“You’re not quite good enough.”
That was the earliest message I can remember receiving.
“That was a dumb thing to do, Robbie, I wonder if you’re just not smart enough.” “You get good grades, but look at your friend Allen. His are better. I guess he just works harder.” “You practice your music, apparently not quite enough, though. Otherwise you’d be first chair all the time.”
As I grew up, that message became for me more than not being able to do enough. It became a belief that as a human being, I wasn’t good enough. It moved from a lack in what I did to a lack in who I am. That message formed a foundation of my whole identity. Not being good enough is a demon I’ve wrestled with my whole life. Striving to be seen as good enough has been a lifelong endeavor.
That’s mine. But I think everyone has some way they fall short, aren’t enough, are a failure. Most everyone has some experience of shame that’s part of their personal story, some part of their lives where they feel unworthy or disgraced.
What makes it so difficult is that everyone has been judged for it. And found lacking.
So what we tend to do is cover up those inadequacies, keep them secret. We avoid situations where they might be exposed. Sometimes we even pretend to ourselves that they aren’t even there. But they always show up. Our shortcomings find a way to sneak out and reveal themselves. Which prompts us to work even harder at covering them up. Which means that when they show up again, we feel even more like a failure.
On Christ the King Sunday, we’re reminded that we are constantly on the lookout for a king who doesn’t live with that kind of shame. One who doesn’t fail, who doesn’t have those shortcomings. One who really is good enough. And then, when we find that king, we commit to following that king—hoping that maybe we, too, can have our shortcomings, our failures, our incompetancies removed. Then we can be seen, finally, as good enough.
That’s the king we want. Someone who can overcome our failures. One who will finally make us “good enough.” That’s the king we hope for.
But it’s not the king we get.
The king we get is a shameful, powerless, weak, inglorious loser. That’s what crucifixion makes public. The king we get was betrayed, arrested, put on trial, beaten, humiliated, mocked. Finally, and publicly, the king we get was nailed to a cross in the most shameful form of death that Rome could think up. Crucifixion was more than capital punishment, it was a public display of shame. According to the standards of this world, this king didn’t measure up.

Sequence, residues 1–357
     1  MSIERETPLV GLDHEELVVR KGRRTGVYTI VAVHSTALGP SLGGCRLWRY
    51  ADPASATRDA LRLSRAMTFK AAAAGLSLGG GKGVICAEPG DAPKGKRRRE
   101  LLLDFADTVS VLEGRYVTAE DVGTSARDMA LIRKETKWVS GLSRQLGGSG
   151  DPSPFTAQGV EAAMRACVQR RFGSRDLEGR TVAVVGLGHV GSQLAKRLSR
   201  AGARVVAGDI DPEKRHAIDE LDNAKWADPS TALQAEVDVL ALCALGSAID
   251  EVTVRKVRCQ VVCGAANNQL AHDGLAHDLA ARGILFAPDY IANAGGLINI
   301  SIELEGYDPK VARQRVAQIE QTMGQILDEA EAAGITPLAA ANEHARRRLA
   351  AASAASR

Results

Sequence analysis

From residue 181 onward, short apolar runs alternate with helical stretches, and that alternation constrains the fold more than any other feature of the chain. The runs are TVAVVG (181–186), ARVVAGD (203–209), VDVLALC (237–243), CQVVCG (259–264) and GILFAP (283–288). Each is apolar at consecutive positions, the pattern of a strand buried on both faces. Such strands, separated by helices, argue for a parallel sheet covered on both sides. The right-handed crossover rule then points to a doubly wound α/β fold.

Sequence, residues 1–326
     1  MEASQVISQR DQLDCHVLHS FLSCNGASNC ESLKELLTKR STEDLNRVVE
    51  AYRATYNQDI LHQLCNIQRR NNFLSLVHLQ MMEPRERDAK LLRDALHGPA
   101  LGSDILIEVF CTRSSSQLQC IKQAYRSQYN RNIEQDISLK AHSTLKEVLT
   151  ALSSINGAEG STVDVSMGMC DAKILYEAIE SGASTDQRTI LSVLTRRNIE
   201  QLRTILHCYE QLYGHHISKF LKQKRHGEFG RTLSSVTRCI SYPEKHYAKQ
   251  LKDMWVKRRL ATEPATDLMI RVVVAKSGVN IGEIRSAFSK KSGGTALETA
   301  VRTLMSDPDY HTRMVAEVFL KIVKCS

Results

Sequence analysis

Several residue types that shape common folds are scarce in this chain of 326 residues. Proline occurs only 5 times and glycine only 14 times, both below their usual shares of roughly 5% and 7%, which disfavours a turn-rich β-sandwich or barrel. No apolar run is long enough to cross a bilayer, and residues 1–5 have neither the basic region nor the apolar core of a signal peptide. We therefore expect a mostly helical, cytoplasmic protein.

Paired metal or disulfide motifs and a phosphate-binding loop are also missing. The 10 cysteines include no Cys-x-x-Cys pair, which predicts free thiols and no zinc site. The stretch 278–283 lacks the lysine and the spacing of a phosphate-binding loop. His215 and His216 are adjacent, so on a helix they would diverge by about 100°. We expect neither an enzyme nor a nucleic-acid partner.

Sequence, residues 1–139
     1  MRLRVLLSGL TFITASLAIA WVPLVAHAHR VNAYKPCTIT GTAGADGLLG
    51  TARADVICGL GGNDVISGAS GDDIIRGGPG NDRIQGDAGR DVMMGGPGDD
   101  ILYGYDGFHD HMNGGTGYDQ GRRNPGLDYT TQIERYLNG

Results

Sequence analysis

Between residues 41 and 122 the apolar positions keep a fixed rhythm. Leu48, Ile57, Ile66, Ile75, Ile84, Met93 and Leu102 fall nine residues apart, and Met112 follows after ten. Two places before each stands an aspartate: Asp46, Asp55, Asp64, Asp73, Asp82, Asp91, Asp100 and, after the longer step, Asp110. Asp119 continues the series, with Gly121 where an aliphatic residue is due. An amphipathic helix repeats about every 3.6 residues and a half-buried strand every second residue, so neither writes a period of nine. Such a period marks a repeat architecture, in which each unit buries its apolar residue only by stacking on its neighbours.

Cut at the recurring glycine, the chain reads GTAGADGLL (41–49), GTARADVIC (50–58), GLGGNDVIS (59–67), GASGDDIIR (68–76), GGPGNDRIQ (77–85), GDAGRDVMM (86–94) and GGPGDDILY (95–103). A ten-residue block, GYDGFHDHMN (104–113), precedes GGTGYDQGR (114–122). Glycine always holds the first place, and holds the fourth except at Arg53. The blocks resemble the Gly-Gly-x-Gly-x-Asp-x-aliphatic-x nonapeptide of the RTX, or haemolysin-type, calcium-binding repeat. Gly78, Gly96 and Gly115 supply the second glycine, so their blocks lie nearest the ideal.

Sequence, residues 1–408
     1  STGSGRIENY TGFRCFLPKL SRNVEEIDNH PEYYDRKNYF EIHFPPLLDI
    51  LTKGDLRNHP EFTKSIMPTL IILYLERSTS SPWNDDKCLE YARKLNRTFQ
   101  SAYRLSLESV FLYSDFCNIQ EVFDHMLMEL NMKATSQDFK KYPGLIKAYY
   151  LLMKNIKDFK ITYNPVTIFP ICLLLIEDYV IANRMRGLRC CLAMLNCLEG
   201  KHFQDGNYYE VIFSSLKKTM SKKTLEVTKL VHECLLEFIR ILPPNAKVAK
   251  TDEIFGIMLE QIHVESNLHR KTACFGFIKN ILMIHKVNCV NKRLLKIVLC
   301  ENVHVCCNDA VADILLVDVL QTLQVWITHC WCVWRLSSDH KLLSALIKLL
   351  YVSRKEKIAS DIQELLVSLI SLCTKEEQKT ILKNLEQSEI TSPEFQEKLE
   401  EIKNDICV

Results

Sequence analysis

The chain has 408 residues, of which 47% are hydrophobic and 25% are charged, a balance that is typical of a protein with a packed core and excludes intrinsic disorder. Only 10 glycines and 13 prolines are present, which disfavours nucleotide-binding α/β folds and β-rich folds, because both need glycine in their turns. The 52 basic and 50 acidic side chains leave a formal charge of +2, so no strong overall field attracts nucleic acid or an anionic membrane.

The crowds knew it; that’s why they just stood by and watched.
The leaders knew it; that’s why they scoffed at this king who couldn’t even save himself.
The soldiers knew it; that’s why they mocked him and stole his clothing.
One of the criminals being executed with Jesus knew it; that’s why he derided him as a false messiah who couldn’t save anyone, much less him.
Rather than a king who fixes all our weaknesses, we get one who shows up with even more.
“But,” we say, because we’re still looking for the king we prefer, “Jesus was innocent. He didn’t do anything wrong. Therefore, he can still fix all our shortcomings.”
But that’s not what this king is about. This king doesn’t make us worthwhile by making us good enough. The reign of this king has nothing to do with somehow becoming good enough or successful enough or likable enough or holy enough. No, the reign of this king goes a completely different direction. It starts in a completely different place.
What kind of a king do we really have? Not one who has come to make the world see us as good enough, but one for whom the only thing that matters is love, forgiveness, mercy, and compassion. Which this king doles out indiscriminately, constantly, unconditionally. Whether the world around us thinks we’re good enough or not doesn’t even come into the picture in the reign of this king.
Now, overcoming shame is a good thing. Learning from our failures and growing into more competent human beings is great. There is nothing wrong with being recognized by our world as good enough. But whenever we talk about overcoming our inadequacies as the goal—the purpose—of a king, we are measuring that king’s reign by the standards of this world. It doesn’t work. Look at Jesus. The prime example. He and his kingdom were measured by Rome’s standards, and fell quite short. He didn’t overcome those who killed him, he forgave them, for, as he said, “they do not know what they are doing.” He didn’t condemn the criminal being executed next to him, but promised that “today you’ll be with me in Paradise.”
What kind of a king do we really have? Not one who has come to make the world see us as good enough, but one for whom the only thing that matters is love, forgiveness, mercy, and compassion.
The funny thing is, the love, forgiveness, mercy, and compassion that define this king and his reign are the very things that assure us we already are good enough. Not because we’ve overcome so many inadequacies, but simply because we are loved by this king. And you are loved by this king. Christ the King. Which means that no matter what the world around you says, you are, right now, more than good enough. You are loved by Christ the King.